Ups and downs in the year past
By Al S. Mendoza
THE year just ended had its usual ups and downs.
The ups were we shone bright in the Spain Fiba Worlds and in cycling.
We played well in Spain to gain world recognition in basketball, and Daniel Caluag came to the rescue to give us a face-saving cycling gold in the Incheon Asian Games.
The biggest up on the world stage was when Manny Pacquiao won as expected over unbeaten Chris Algieri to retain his world welterweight crown.
In scoring a unanimous decision victory in November in the Macau Mini Massacre, Pacquiao knocked Algieri down six times.
It marked the first time that the PacMan had floored a foe six times—the most knockdowns recorded in a single fight in recent memory.
Why Algieri couldn’t be put away for good had raised doubts about Pacquiao’s punching power.
Is the sting gone?
Is Pacquiao’s power that has stopped 38 of his 57 victims reduced to powder-soft caress?
Or is Pacquiao now more humane, compassionate, as to not willfully batter his opponent to submission—a result of his being a born-again Christian now?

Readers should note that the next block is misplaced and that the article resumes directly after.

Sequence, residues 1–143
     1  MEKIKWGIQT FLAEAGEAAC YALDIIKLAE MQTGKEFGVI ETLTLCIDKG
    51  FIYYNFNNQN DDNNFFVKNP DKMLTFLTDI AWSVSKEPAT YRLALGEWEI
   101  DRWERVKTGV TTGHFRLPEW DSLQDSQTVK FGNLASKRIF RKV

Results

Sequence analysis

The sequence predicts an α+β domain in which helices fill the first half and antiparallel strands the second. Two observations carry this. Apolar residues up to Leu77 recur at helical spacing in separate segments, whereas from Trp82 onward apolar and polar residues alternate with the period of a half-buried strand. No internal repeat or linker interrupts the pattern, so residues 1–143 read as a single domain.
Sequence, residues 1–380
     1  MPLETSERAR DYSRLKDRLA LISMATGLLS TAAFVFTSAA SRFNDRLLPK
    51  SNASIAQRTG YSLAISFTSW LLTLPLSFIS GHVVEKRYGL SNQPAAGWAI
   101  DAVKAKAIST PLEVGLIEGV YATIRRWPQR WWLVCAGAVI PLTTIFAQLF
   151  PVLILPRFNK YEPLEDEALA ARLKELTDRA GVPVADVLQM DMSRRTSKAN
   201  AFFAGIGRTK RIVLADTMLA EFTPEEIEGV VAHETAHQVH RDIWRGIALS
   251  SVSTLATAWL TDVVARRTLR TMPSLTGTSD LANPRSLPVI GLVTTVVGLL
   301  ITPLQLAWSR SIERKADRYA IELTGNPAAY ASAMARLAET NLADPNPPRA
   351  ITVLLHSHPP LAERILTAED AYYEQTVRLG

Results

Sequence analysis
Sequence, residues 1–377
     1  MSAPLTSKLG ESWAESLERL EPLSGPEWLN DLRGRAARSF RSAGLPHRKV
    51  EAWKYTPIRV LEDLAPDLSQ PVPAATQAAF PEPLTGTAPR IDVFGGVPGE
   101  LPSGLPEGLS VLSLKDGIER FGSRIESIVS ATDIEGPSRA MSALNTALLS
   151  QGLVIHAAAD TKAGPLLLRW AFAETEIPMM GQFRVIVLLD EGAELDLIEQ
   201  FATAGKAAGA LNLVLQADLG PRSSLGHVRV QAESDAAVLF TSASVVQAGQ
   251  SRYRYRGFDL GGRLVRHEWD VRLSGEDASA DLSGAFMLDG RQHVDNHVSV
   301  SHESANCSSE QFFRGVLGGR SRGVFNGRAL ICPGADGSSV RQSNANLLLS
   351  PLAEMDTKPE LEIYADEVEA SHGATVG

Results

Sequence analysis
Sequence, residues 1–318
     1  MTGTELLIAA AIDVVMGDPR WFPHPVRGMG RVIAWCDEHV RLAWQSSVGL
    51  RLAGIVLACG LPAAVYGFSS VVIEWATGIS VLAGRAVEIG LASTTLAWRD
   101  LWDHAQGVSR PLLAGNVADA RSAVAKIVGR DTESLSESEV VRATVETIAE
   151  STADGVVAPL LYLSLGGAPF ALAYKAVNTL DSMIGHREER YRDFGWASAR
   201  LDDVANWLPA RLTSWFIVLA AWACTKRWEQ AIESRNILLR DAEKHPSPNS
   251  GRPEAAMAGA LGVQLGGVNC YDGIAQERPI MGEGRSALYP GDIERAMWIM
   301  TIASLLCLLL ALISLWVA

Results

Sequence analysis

Anyways, Pacquiao is still good for two more years, perhaps.
But to make the remaining years of his career extra meaningful, Pacquiao must clinch a fight with Floyd Mayweather Jr.
Otherwise, Pacquiao, 36, will end up as the best fighter of his era not having been able to face the pretender to his crown.
And vice versa.
If Mayweather, who turns 38 next month, ends up retiring without meeting Pacquiao, he, too, will wrestle with the ignominy of failing to face the one fighter reputedly much better than him the rest of his life.
However, I still believe the two will soon fight, not just for prestige but, to put it bluntly, for money.
The money being dangled to them—close to $300 million—is just too huge to be ignored.
Pacquiao has said he is ready anytime, anywhere.
But Mayweather has, time and again, said yes and next thing you will hear, no.
If you say he is simply crazy, I’ll say you bet.
He has the strongest chance to defeat Pacquiao and yet, he will dodge the fight?
Only a fool can do such an idiotic act.
Anyway, let’s go to the downside of Philippine sports.
After our Asiad debacle in basketball where we finished a worst-ever 7th place, coach Chot Reyes resigned, his name disgraced.
What a shame, because he had brought the same Gilas team to the 2014 Spain Fiba Worlds after we placed second in the Fiba Asia Cup in 2013.
What followed next was Reyes saw himself replaced by Tab Baldwin, an American.
If that was not a slap on the dignity and integrity of the Filipino, what is?
I mean, why another foreigner to coach the national quintet?
We have an abundance of Filipino coaches.
Gosh! We seem to love retrogression.
No wonder we’ve been left behind by our neighbors, the reason being that we treat our very own as second-class citizens in their own country.
We never learn.